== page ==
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Yugoslavia: Sandzak's Bosniaks Search For Identity (Part 2)

  • Jolyon Naegele

Sandzak is a restive, multiethnic mountainous region straddling Serbia's mountainous border with Montenegro and wedged between Bosnia and Kosovo. Sandzak managed to escape the five wars over the past 11 years elsewhere in ex-Yugoslavia. In this second of a two-part series on the region, RFE/RL examines how questions of ethnic, linguistic, and religious identity shape Sandzak and its relations with Sarajevo and Belgrade.

Novi Pazar, Serbia; 29 November 2002 (RFE/RL) -- What immediately strikes the visitor to Sandzak's administrative capital Novi Pazar are its apparent similarities with Kosovo. Novi Pazar's bustling street life and people's faces and behavior are all strongly reminiscent of Kosovo just over the hills to the southeast, while also bearing similarities to Bosnia to the west. Folk music in this corner of the Balkans, even the jazzed-up variety, has a variety of influences, including Slavic, Vlach, and Albanian.

Local social scientists point to the Illyrian roots of Sandzak's indigenous Bosniak population for an explanation, noting that the local population more than a millennium ago adopted a Slavic dialect while those to the south developed an Illyrian-related tongue, Albanian. In comparing Sandzak's Bosniaks with Kosovar Albanians, Novi Pazar sociologist Aida Corovic, who serves as the coordinator of the local NGO Club for Civic Society, said, "We are all Illyrians and genetically we're probably all the same."

When Ottoman Turkey seized the western Balkans in the late 14th century and subsequently built up Bosnia as a giant arrowhead-shaped protrusion pointed at the heart of Europe, this mountainous region, formerly known as Raska, the cradle of Serbian statehood, became the rear base for Turkish Bosnia and a commercial crossroads for merchants from all over the western Balkans. Commercially, little has changed in the six centuries that have followed.

Arms and other contraband flowed out of and across Sandzak during the five wars of the last 11 years -- and yet miraculously, Sandzak itself escaped armed conflict.

Tobacco and sugar -- as well as drugs -- are currently the chief articles of contraband. The district police chief, Suad Blic, says tobacco and sugar are smuggled by horse and donkey over mountain paths. He says the police have had only limited success in catching the smugglers.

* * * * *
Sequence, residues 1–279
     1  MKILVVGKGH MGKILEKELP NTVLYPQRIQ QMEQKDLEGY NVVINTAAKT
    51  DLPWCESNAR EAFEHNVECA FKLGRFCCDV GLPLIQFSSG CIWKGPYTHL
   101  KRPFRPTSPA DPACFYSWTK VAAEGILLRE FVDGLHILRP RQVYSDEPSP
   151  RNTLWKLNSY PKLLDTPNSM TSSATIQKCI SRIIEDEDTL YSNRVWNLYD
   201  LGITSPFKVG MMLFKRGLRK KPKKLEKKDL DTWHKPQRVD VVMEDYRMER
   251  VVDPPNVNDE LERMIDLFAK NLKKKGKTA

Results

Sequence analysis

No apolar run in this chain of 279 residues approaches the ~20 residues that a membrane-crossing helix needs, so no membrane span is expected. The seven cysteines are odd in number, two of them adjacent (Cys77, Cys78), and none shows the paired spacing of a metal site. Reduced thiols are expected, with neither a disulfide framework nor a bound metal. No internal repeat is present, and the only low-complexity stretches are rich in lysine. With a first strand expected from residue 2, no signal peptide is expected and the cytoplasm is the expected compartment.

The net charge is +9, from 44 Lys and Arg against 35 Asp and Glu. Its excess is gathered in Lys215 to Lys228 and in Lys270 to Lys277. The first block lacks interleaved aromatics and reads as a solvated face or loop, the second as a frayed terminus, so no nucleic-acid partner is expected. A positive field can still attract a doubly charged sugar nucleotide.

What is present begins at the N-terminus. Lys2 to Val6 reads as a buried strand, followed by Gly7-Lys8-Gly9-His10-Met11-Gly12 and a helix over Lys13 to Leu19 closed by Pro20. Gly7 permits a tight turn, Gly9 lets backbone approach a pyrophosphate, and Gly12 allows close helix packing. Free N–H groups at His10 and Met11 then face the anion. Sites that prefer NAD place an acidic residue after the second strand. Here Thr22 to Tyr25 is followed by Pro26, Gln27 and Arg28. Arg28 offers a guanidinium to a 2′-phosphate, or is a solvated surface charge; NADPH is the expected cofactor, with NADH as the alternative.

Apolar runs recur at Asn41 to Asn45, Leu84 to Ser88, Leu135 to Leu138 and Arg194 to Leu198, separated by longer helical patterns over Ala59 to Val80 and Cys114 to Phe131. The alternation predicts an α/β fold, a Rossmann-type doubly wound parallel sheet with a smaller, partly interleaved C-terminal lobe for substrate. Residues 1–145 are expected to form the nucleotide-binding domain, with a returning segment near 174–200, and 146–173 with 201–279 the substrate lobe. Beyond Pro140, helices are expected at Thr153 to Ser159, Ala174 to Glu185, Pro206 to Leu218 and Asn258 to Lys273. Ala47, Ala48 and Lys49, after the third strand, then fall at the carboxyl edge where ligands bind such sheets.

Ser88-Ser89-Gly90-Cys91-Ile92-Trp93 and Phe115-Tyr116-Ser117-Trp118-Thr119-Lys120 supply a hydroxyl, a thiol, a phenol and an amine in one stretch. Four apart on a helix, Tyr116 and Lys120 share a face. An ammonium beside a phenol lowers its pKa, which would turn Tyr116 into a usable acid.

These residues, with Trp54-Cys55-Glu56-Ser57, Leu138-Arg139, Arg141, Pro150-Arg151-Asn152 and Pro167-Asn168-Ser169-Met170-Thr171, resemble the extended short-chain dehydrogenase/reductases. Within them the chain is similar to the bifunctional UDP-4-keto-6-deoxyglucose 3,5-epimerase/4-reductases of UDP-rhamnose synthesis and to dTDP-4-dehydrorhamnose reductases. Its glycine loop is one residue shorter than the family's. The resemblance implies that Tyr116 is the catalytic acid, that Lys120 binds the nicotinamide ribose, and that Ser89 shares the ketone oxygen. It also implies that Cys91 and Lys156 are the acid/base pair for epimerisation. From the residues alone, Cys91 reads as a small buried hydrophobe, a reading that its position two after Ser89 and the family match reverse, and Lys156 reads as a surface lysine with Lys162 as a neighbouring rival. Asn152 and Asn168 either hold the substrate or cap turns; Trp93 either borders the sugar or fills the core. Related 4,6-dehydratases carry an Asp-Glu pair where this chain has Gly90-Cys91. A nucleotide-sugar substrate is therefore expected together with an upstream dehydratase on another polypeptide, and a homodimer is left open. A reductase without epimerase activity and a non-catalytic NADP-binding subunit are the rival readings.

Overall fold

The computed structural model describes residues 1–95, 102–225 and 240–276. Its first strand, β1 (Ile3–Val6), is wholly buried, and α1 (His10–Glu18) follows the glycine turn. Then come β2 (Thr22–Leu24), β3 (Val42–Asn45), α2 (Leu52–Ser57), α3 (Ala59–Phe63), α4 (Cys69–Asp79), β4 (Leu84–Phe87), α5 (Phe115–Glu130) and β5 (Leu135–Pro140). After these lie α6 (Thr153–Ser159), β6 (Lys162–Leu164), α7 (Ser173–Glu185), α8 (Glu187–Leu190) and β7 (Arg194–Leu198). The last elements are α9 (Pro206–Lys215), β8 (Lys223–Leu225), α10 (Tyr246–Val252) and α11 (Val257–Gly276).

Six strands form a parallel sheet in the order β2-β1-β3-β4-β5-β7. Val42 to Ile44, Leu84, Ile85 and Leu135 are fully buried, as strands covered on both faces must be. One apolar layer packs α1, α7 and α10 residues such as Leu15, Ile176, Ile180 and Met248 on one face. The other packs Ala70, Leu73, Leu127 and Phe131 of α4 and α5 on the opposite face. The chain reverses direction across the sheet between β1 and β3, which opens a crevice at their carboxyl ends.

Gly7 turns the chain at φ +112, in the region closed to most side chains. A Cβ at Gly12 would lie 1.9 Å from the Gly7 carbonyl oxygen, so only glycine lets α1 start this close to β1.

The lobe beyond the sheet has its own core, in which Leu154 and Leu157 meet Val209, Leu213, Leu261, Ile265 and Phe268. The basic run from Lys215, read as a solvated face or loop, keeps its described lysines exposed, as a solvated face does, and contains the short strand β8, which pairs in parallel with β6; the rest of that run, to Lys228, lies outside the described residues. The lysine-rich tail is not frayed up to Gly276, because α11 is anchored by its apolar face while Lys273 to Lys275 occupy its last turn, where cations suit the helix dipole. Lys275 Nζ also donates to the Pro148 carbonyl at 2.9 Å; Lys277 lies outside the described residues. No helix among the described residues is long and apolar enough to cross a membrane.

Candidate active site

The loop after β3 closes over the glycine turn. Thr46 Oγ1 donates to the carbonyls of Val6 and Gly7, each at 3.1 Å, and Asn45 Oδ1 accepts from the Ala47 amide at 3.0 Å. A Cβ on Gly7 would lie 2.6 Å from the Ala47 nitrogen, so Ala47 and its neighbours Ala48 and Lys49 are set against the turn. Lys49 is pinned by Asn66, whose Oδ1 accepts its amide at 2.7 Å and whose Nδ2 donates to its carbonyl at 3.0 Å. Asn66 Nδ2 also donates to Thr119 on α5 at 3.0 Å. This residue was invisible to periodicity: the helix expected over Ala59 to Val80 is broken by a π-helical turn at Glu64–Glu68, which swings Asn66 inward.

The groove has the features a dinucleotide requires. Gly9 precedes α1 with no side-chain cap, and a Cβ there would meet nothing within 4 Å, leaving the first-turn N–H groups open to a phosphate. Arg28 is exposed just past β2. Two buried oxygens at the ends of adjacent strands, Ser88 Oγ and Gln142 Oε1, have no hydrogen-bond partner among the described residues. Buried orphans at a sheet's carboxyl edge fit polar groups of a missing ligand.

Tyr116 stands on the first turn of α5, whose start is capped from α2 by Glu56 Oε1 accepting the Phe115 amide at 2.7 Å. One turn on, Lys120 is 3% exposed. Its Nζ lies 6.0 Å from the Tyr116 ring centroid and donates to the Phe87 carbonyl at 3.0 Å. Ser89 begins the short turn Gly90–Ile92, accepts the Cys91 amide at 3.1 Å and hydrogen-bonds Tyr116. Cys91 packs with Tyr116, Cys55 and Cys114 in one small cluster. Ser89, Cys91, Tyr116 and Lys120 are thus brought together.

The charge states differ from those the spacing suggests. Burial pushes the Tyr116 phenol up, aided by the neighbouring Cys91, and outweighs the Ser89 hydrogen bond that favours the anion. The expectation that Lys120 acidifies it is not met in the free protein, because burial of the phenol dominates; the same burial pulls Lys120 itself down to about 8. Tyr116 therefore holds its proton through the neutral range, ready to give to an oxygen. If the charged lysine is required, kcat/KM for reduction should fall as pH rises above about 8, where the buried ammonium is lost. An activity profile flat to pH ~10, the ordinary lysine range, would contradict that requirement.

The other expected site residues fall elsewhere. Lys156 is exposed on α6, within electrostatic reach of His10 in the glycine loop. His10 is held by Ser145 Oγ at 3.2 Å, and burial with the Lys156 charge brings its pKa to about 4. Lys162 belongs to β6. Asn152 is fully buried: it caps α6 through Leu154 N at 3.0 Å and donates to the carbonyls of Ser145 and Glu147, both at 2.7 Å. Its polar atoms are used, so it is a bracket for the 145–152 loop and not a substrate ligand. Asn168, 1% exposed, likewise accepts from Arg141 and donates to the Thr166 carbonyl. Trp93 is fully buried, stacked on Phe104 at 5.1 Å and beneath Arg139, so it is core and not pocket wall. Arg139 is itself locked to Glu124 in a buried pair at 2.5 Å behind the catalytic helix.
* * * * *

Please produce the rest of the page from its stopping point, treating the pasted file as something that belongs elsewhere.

But aside from smuggling, the other big issue in Sandzak is ethnic identity. The region's Serbian and Bosniak populations are fairly evenly divided. Six years ago, Sandzak's Muslim political parties and associations agreed to a 1993 decision by Muslim intellectuals in Sarajevo to call the indigenous Muslim people of the region Bosniaks. That decision has been generally accepted in the Serbian portion of Sandzak, but only as far as ethnic identity is concerned. Language is a different matter.

The codified "Bosnian language" -- a dialect of what used to be known as Serbo-Croatian -- has not caught on in Sandzak despite being promoted by Sarajevo. Bosniak residents and officials in Novi Pazar are more likely to refer to their mother tongue as simply "nas jezik" (our language) or "Serbian," even though the local accent and Turkish-influenced vocabulary have far more in common with the tongue of Bosniaks in eastern Bosnia than with the way people speak in central and northern Serbia.

Yugoslav Minister for National and Ethnic Communities Rasim Ljajic is a former Sandzak Bosniak activist. He is dismissive of attempts by authorities in Sarajevo to influence the language issue in Sandzak. "[The Bosnian-language issue] has unfortunately been politicized above all by the Party of Democratic Action [the ruling Bosniak party in Bosnia], which has been trying to score political points by compromising every idea, every political demand coming out of Sandzak. It's an arrogant way to deal with the current political situation. We have to find a modus vivendi with the Serbian community in Sandzak and establish a suitable relationship with the state in which we live [Yugoslavia]. And we have to remember that we [Bosniaks] only make up about 2.5 percent of Kosovo's population."

Similarly problematic is the term used for Sandzak's Bosniak inhabitants.